Another one of those stories that has swirled around like dead leaves for weeks on end is the story of Project Services Inc., in Lafayette Hill, Pennsylvania. As this story from CBS Philly retells, it seems that back in December, the company sent a deposit for group tickets to the Nationals. A month later, the Nats instituted their now-famous (or is it now-infamous?) "Take Back The Park" policy, which caused a little bit of perplexity and a soupcon of outrage before everyone more or less moved on with their lives. As it relates to the good people at Project Services, Inc., it seems that the Nats took their money, gave them an invoice, and then left the matter simmering.
It was almost the end of January, and neither Kate or Chuck had heard a thing from the Nationals about their tickets. "we had tried to contact the Nationals because we thought by the end of January we were suppoesd to know," McCorriston said. "So we called and emailed and called and called and emailed and called, this had been going on for two and a half weeks, and they finally just notified us and said ‘well sorry, we have to take back our park, you know, you can’t have the tickets, there aren’t any tickets left, and we’ll refund your deposit. That was it."
This story got picked up by Craig Calcaterra over at Hardball Talk, and here's what he had to say.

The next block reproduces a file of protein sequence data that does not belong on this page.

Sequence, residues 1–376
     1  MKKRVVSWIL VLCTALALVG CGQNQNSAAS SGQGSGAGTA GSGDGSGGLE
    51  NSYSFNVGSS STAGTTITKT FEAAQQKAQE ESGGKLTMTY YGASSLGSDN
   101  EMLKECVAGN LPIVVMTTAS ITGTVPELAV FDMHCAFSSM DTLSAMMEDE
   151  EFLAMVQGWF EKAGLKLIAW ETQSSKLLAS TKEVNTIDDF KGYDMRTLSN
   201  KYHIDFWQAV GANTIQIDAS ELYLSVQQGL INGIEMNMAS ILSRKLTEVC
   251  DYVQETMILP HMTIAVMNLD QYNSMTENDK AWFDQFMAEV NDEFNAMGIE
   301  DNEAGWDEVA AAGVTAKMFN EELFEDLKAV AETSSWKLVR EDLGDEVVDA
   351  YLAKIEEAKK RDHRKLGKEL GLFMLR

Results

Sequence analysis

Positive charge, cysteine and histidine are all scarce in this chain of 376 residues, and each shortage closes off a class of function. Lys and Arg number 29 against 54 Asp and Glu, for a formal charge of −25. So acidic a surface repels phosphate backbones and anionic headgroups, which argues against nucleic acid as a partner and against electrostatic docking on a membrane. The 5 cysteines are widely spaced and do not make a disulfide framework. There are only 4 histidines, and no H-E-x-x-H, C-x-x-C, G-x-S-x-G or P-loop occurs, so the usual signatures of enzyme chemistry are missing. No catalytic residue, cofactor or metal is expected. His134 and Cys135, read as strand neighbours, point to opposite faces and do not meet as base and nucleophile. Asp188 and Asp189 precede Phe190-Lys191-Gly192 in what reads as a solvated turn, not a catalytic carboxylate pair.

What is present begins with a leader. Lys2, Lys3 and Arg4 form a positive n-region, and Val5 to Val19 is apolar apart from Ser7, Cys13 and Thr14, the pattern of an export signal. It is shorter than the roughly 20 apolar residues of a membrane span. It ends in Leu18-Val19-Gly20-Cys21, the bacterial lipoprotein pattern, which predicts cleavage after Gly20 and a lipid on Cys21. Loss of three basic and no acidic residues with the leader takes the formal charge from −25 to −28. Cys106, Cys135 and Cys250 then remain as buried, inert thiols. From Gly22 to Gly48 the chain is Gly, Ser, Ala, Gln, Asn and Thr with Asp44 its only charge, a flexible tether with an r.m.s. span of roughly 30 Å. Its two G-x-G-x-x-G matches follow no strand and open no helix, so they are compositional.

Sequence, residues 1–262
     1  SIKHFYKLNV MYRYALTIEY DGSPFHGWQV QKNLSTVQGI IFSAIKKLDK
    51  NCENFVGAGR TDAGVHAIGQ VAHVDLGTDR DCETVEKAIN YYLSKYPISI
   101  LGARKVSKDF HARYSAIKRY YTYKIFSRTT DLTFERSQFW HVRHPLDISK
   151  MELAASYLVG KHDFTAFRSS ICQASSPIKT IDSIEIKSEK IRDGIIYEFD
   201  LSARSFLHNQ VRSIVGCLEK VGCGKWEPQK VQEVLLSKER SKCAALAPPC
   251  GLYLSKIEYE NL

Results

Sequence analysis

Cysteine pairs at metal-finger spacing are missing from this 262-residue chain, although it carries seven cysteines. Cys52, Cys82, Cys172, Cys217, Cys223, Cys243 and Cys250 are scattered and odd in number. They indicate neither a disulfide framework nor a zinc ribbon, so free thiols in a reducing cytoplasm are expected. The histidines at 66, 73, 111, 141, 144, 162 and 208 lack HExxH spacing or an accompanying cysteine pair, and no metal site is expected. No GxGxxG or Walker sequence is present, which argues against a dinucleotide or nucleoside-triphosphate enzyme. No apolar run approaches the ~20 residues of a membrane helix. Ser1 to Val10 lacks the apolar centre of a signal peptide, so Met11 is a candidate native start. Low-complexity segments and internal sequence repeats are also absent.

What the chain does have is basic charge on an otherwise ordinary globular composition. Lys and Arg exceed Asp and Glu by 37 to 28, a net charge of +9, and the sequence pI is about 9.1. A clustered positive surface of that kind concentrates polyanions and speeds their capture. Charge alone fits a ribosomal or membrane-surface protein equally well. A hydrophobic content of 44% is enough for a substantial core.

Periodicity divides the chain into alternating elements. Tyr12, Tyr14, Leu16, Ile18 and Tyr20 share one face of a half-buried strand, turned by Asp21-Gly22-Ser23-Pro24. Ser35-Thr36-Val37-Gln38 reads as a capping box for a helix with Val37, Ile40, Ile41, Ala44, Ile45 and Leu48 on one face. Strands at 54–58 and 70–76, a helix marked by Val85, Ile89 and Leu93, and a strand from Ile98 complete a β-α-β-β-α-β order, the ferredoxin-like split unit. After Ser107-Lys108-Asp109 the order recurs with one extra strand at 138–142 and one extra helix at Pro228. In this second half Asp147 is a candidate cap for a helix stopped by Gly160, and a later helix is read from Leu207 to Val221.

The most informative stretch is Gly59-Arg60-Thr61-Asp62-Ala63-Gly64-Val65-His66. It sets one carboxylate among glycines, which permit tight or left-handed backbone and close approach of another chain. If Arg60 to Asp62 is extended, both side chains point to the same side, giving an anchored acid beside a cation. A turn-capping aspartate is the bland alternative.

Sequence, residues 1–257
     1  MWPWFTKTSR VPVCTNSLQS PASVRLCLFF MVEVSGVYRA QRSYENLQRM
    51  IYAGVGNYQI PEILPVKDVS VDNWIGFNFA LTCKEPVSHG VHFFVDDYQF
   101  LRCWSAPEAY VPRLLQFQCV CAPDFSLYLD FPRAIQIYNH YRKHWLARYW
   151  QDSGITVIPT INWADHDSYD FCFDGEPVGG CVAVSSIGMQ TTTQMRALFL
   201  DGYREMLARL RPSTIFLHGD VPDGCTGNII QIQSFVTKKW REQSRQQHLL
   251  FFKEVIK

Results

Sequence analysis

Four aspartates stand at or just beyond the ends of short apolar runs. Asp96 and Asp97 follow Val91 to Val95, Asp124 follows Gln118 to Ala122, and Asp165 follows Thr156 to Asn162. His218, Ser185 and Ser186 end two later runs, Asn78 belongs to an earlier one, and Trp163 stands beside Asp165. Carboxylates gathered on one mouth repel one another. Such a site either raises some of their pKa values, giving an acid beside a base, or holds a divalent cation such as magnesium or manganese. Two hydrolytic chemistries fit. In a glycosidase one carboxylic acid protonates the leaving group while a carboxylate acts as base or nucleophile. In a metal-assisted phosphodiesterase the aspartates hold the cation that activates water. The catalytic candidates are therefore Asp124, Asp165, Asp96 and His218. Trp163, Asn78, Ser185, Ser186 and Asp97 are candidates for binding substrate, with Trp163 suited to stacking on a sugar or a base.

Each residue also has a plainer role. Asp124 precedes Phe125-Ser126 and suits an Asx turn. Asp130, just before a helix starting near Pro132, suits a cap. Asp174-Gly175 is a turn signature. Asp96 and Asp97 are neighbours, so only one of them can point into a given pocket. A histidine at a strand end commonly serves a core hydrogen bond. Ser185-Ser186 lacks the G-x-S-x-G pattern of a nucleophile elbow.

Just an idiotic business decision to address a problem — too many Phillies fans in the park — that, while slightly embarrassing, is not exactly the sort of thing that a sophisticated business should really care about. And it’s the sort of thing that could lead to a lawsuit, so that’s great too.
Win some baseball games, Nationals. That’s how you take back your ballpark.
We don't see how the Nationals could be on the hook for a lawsuit, since they apparently refunded the deposit (Note to PSI: Next time confirm the tickets BEFORE you put down the nonrefundable bus deposit, sillies.). But the larger point is correct. The Nationals run the risk of some real embarrassment if those Philly games aren't sold out or even if the games are sold out, but Philly fans still make up a large chunk of the crowd (the far more likely scenario).